Sure enough, the biggest lobbyists in the industry all support the Democratic bill. America’s Health Insurance Plans (AHIP), the trade association for HMOs, supports the bill, as do its biggest members, such as Blue Cross Blue Shield.

The Pharmaceutical Research and Manufacturing Association (PhRMA), one of Washington’s most powerful lobbyists, is also behind the bill. So is the American Medical Association.

Because the details of any substantial bill or regulation will be complex, the mainstream media will always portray the debate as a battle between the interested parties. In this case, the official storyline is that it’s poor children against a president overly concerned about the boogie man “government-run health care.”

But poor children don’t have clout on Capitol Hill. They’re not the reason this bill got 68 votes in the Senate and 265 votes in the House.

It’s got to be nice [for] the Democrats now. You get to do a favor for the HMOs, and everyone’s convinced it’s “for the children.”

I include the nation’s governors – who are always in favor of more federal money – in the bootleggers category.

Kudos to Tim Carney for reporting what less-rigorous reporters will not. (Why, oh, why can’t we have a better press corps?)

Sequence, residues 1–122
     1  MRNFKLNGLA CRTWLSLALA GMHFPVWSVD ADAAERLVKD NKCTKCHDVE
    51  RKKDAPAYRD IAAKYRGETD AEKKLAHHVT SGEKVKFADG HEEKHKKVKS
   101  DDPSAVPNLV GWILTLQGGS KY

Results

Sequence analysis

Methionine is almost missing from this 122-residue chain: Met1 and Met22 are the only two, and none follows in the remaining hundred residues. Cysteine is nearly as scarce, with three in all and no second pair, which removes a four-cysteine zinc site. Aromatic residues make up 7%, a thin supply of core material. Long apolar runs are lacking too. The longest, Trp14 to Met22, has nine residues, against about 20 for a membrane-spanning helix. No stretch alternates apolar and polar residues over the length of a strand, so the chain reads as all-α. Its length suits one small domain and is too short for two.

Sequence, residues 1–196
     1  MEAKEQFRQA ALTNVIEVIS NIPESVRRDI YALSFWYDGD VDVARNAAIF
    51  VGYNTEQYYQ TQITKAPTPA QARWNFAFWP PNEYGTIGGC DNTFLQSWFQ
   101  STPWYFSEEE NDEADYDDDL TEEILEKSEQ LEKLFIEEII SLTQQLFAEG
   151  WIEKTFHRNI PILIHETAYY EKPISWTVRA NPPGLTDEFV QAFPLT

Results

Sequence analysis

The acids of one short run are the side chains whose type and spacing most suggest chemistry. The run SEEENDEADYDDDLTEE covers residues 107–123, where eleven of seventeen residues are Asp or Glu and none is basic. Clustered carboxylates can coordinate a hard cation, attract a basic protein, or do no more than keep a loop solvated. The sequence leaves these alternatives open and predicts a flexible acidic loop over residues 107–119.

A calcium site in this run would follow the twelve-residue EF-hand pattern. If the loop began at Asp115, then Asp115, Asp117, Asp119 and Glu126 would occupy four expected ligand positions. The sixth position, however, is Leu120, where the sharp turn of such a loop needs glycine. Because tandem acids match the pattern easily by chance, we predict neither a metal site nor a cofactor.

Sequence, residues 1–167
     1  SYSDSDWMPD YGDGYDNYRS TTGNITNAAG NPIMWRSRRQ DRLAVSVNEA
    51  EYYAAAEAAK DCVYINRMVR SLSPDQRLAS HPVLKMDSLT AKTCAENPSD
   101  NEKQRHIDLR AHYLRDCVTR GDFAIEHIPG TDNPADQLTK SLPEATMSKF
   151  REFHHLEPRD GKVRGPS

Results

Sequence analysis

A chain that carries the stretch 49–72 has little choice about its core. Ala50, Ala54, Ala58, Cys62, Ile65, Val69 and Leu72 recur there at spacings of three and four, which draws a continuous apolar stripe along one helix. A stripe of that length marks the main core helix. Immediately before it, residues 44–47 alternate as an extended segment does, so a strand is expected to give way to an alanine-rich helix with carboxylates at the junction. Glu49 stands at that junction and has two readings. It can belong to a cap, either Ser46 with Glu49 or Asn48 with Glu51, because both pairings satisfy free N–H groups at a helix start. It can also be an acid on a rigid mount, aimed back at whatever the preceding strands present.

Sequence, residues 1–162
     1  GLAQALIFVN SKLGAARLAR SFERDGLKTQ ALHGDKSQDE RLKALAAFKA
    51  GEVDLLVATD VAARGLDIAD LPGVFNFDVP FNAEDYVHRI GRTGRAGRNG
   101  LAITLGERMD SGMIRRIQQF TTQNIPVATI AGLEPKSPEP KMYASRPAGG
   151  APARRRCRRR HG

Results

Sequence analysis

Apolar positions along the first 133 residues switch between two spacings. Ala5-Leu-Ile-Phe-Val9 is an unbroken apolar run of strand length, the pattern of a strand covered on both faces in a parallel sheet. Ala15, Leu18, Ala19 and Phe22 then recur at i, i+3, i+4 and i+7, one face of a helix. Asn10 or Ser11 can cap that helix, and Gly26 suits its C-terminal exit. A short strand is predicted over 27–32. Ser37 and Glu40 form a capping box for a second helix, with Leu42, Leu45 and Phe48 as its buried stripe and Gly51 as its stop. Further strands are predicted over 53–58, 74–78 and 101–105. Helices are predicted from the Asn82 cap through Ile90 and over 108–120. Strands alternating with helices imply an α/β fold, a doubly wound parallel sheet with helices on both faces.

CAFTA Survives U.S. Meddling

Costa Rica’s voting public wants to join CAFTA. This comes despite last-minute efforts by leading U.S. Democrats to dissuade Costa Ricans from voting to support the national referendum.

Worse, these particular lawmakers showed an alarming cynicism in attempting to convince Costa Ricans to reject CAFTA.

For example, Sen. Bernie Sanders and Rep. Michael Michaud recently traveled to Costa Rica for press conference with Ottón Solís, a former presidential candidate who opposes CAFTA. Their message was that Costa Ricans had nothing to fear by rejecting CAFTA, since, according to them, the country would continue to enjoy duty-free access to the American market under the Caribbean Basin Initiative (CBI).  However, as a congressman in 2000, Sanders voted against CBTPA, an extension of the CBI that allows duty-free access to Costa Rican textiles and tuna . This program expires next year.

More recently, Nancy Pelosi and Harry Reid sent a letter to Costa Rica’s ambassador in Washington reaffirming Sanders’ message: Costa Ricans can safely reject CAFTA and continue to enjoy trade preferences to the U.S market. Guess what? Reid also voted against the CBTPA in 2000.

Reid and Sanders were later joined by Sen. Sherrod Brown, who gave a highly-publicized speech in the Senate floor in solidarity with Costa Rican naysayers. Brown himself was a naysayer to the CBTPA when he was in the House of Representatives in 2000.